Chelsea Manning jailed for refusing to testify at WikiLeaks inquiry

US whistleblower Chelsea Manning has been jailed for contempt of court after refusing to give evidence to a grand jury investigation into WikiLeaks.

Sending her to a federal prison on Friday, US District Judge Claude Hilton said she will remain behind bars until she testifies, or until the grand jury finishes its inquiry.

The former US Army intelligence analyst told the judge she “will accept whatever you bring upon me”.

Manning, 31, has said she objects to the secrecy of the grand jury process, and that she already revealed everything she knows at her court martial.

Her lawyers had asked that she be sent to home confinement instead of jail, because of medical complications she faces.

Image: Manning was convicted of espionage in 2013

The judge said US Marshals can handle her treatment needs.

Manning was convicted of espionage and other offences by court-martial in 2013.

More from Chelsea Manning

She leaked some 700,000 documents, videos, diplomatic cables and battlefield accounts to WikiLeaks while she was an intelligence analyst in Iraq in 2010.

Chelsea Manning's first photo after she was released from prison. Pic: Twitter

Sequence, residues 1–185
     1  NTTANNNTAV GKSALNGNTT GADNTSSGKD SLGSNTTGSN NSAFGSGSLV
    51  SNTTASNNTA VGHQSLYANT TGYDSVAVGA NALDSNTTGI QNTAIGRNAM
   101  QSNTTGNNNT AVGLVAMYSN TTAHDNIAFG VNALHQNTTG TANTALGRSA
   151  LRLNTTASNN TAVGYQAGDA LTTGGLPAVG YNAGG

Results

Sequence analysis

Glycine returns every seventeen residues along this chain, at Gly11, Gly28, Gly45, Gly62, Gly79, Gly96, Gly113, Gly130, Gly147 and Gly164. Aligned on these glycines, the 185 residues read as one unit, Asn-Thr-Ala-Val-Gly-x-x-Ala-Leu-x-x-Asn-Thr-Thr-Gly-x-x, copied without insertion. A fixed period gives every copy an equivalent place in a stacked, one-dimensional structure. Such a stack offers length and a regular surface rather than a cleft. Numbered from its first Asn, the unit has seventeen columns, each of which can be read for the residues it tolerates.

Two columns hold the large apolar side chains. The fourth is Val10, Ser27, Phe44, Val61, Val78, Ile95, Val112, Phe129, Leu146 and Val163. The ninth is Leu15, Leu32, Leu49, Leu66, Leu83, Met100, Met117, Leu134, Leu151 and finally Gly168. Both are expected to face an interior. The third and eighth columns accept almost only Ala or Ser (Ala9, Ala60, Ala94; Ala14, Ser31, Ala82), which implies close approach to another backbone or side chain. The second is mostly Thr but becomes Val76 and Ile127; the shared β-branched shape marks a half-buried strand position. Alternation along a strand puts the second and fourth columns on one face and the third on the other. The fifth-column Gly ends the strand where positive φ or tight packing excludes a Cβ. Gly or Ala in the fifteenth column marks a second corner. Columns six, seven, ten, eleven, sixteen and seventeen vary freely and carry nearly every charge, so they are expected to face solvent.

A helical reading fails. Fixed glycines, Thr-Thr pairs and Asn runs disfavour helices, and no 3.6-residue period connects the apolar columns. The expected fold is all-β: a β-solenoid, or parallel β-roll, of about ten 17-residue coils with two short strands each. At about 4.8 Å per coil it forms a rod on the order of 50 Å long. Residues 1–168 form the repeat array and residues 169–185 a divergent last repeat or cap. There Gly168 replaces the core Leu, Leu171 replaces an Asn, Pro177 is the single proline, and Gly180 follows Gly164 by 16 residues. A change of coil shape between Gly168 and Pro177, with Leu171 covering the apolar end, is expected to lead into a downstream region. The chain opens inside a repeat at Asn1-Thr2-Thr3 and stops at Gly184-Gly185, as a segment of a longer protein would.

Image: She posted pictures of herself after she was released from prison

Sentenced to 35 years in jail, she was released in 2017 after former US president Barack Obama commuted her sentence.

Previously known as Private Bradley Manning, the former soldier now chooses to identify as a woman and underwent gender transition while in jail.

Among the documents she released were millions of diplomatic cables and a 2007 video of a US helicopter in Baghdad firing on a group of civilians that killed two Reuters photographers and wounded two children.

On Wednesday, Manning appeared before the same grand jury, in the US District Court for the Eastern District of Virginia, but refused to answer any questions.

The day before, Manning told The Associated Press that she didn’t know what case she was being called to testify about and said: “Grand juries are terrible, to say the least.”

Manning’s support committee, Chelsea Resists!, called the grand jury system “dangerous and undemocratic”.

“Grand juries operate in secret, allowing the government to retaliate against activists and dissidents behind closed doors,” said a statement from the committee released by Manning’s lawyers.”


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